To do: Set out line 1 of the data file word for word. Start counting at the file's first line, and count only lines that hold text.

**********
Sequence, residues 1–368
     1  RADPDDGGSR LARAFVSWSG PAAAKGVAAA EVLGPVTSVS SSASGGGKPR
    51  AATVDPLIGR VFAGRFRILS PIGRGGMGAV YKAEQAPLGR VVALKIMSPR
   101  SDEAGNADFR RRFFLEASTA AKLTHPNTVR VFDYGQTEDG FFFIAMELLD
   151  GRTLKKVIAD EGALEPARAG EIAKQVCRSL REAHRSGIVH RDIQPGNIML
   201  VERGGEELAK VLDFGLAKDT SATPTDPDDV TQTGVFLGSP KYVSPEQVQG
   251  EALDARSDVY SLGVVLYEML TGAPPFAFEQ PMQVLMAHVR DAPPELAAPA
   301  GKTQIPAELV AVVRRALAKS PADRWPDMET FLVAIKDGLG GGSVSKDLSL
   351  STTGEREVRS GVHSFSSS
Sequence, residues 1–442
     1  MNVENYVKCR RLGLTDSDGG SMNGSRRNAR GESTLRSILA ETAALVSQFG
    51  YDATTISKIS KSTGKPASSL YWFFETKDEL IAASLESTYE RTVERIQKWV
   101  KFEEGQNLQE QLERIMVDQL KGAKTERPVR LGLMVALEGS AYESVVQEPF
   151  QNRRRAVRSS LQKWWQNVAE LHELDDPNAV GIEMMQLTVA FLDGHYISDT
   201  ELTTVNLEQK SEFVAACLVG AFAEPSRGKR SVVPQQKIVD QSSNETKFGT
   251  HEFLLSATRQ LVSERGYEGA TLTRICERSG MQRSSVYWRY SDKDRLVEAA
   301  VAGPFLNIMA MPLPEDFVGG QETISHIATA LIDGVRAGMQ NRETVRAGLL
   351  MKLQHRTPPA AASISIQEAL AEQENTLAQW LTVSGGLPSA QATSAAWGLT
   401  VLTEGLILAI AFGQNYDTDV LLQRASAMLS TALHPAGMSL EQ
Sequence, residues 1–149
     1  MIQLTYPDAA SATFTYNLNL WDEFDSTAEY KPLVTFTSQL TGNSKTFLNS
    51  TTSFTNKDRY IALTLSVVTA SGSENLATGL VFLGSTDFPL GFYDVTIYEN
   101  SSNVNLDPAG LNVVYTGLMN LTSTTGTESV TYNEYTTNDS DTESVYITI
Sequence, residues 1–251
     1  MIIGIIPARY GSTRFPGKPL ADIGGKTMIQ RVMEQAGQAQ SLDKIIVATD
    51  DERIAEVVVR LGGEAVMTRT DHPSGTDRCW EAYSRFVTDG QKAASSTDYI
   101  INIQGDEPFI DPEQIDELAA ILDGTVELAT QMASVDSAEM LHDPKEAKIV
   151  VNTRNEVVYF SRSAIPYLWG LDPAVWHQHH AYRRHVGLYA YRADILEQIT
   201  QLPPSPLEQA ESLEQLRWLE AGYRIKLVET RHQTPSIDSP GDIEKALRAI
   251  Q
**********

Sequence, residues 1–368